Is there a renoprotective value to leukodepletion during heart valve surgery? A randomized controlled trial (ROLO)

E Khoshbin*, SALLY SPENCER, Laurence Solomon, Augustine Tang, Stephen Clark, Elizabeth Stokes, Sarah Wordsworth, Lucy Dabner, Julia Edwards, Barnaby Reeves, Chris Rogers

*Corresponding author for this work

Research output: Contribution to journalArticlepeer-review

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Abstract

Background: Acute Kidney Injury (AKI) adversely affects outcomes after cardiac surgery. A major mediator of AKI is
the activation of leukocytes through exposure to the cardiopulmonary bypass circuit. We evaluate the use of
leukodepletion filters throughout bypass to protect against post-operative AKI by removing activated leukocytes
during cardiac surgery.
Methods: This is a single-centre, double-blind, randomized controlled trial comparing the use of leukodepletion
versus a standard arterial filter throughout bypass. Elective adult patients undergoing heart valve surgery with or
without concomitant procedures were investigated. The primary clinical outcome measured was the development
of AKI according to the KDIGO criteria. Secondary measures included biomarkers of renal tubular damage (urinary
Retinol Binding Protein and Kidney Injury Molecule-1), glomerular kidney injury (urinary Micro Albumin and serum
Cystatin C) and urinary Neutrophil Gelatinase Associated Lipocalin, as well as the length of hospital stay and quality
of life measures through EQ-5D-5L questionnaires.
Results: The ROLO trial randomized 64 participants with a rate of recruitment higher than anticipated (57% achieved,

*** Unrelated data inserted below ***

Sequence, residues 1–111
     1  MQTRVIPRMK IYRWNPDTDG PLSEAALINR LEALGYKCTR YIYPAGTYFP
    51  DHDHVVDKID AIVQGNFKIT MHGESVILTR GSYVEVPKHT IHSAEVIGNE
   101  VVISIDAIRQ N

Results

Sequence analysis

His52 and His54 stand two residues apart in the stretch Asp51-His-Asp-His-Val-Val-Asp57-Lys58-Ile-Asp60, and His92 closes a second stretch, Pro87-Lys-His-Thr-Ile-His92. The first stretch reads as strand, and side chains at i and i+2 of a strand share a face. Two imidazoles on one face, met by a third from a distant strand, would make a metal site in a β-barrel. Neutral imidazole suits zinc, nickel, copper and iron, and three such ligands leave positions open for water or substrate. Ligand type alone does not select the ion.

40% anticipated). The incidence of AKI was greater in the leukodepletion filter group (44% versus 23%, risk difference
21, 95% CI − 2 to 44%). This clinical finding was supported by biomarker levels especially by a tendency toward
glomerular insult at 48 h, demonstrated by a raised serum Cystatin C (mean difference 0.11, 95% CI 0.00 to 0.23, p =
0.068) in the leukodepleted group. There was however no clear association between the incidence or severity of AKI
and length of hospital stay. On average, health related quality of life returned to pre-operative levels in both groups
within 3 months of surgery.
Conclusions: Leukocyte depletion during cardiopulmonary bypass does not significantly reduce the incidence
of AKI after valvular heart surgery. Other methods to ameliorate renal dysfunction after cardiac surgery need
to be investigated.
Original languageEnglish
Pages (from-to)58
Number of pages10
JournalJournal of Cardiothoracic Surgery
Volume16
DOIs
Publication statusPublished - 28 Mar 2021

Keywords

  • Cardiac surgery
  • Heart valve
  • Cardiopulmonary bypass
  • Acute kidney injury
  • Leuodepletion

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